Barbados is a step closer to getting alerts and notifications on dangerous goods being sold within the Caribbean Community (CARICOM).
It will be made possible through CARICOM’s Rapid Alert System for the Exchange of Information on the Dangerous Non-Food Consumer Goods – CARREX – which the country will implement soon.
Speaking at the opening of a consultation on CARREX at the Lloyd Erskine Sandiford Centre, deputy programme manager with the CARICOM Single Market & Economy (CSME) Unit, Philip McClauren, said the initiative would operate similarly to the US Food and Drug Administration (FDA) and the US Consumer Product Safety Commission, which have the mandate of safeguarding the interest of American consumers.
“The CARREX must be seen as a system that will act in the interests of consumers in the Community, regardless of the origin of the dangerous goods, once they are present in the CSME [CARICOM Single Market and Economy] and the Community by extension. In that regard, the CARREX must be the system to raise the alarm bells so that regional consumers can be duly warned and that national authorities can take appropriate action,” he said.
“It is anticipated that by design the CARREX will act in the interests of regional consumers regardless of the origin of these dangerous goods, whether of Community origin or imported into the Community, once there is an inherent threat to the health and safety of consumers.”
McClauren told stakeholders that the challenge for national consumer agencies in the CSME was that, in most cases, some of them have had to deal almost single-handedly with product recalls and dangerous goods on the market.
Drawing reference to Hurricane Katrina, which devastated parts of the Gulf Coast States of Louisiana and New Orleans in 2005, he said some of the SUVs that were submerged under the deluge and as a result encountered serious electrical problems, were dumped in some parts of the Caribbean.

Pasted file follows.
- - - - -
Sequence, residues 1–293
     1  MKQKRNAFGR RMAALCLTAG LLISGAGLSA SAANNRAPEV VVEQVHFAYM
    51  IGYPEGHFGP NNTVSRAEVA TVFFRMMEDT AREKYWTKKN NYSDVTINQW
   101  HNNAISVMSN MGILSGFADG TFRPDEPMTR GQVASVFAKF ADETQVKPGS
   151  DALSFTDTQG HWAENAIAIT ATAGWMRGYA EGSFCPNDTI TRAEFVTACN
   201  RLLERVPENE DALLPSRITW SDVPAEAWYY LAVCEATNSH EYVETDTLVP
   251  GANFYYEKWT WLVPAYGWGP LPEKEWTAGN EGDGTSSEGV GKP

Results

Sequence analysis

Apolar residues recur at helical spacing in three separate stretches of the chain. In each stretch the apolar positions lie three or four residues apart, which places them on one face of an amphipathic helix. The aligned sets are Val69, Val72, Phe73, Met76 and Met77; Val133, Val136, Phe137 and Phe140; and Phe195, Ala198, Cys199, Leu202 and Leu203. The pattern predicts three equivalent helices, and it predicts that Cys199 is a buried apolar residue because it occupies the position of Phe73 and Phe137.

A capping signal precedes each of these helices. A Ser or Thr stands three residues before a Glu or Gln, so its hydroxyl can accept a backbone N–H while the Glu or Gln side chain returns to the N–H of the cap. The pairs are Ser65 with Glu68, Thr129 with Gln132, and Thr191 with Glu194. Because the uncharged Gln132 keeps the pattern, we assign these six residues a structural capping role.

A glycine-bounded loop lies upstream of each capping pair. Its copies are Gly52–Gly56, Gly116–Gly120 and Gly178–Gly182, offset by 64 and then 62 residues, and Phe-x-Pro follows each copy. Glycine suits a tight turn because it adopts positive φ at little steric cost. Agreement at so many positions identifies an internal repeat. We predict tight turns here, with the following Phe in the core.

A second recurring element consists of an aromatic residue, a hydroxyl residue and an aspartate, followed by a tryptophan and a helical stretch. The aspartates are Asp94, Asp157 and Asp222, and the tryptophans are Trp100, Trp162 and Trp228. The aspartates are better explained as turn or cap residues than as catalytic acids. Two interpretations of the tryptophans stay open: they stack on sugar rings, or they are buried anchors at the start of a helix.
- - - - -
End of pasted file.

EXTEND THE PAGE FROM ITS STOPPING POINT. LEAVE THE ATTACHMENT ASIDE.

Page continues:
“Some of these SUVs found their way on the market in Barbados, a matter which was being investigated by the Department of Commerce and Consumer Affairs at the time. It must also be noted that Barbados was acting alone in this matter, as other national consumer protection agencies in the region were not able to share informatiion with Barbados because they were not sure if these SUVs were on the domestic market in the respective Member States.
“That is precisely why a system such as the CARREX is necessary to spur national authorities into action and cause these agencies to adopt a more proactive rather than a reactive posture when dealing with similar cases that may arise in the future,” McClauren said.
Meantime, Minister of Commerce Donville Inniss, in welcoming the initiative, said there was a need for greater cooperation and coordination of action by regional bodies with regard to the issue of protecting the health and safety of consumers.
Inniss, who is also responsible for consumer matters, pointed out that as early as 2002 regional governments and NGOs were expressing concerns about the presence of unsafe goods in the marketplace.
“A CARICOM approach is particularly necessary given the similarity of products offered within the region and the fact that we are increasingly net importers with declining terms of trade. This new system, then, is designed to ensure that regional governments possess, and are able to manage, mechanisms for effective market surveillance. It is also intended to ensure that the human and technical services available to them optimize public safety,” he said.
“Further, it will serve as a means of providing the environment whereby products can compete in the market equally. Persons who import or produce products for retail purposes will be even more encouraged to ensure that items meet essential safety and health requirements. In such an environment, I am sure, we will see local and regional markets become more competitive as conditions are continually created to support quality goods.”
Inniss added that Government would also continue to be vigilant.
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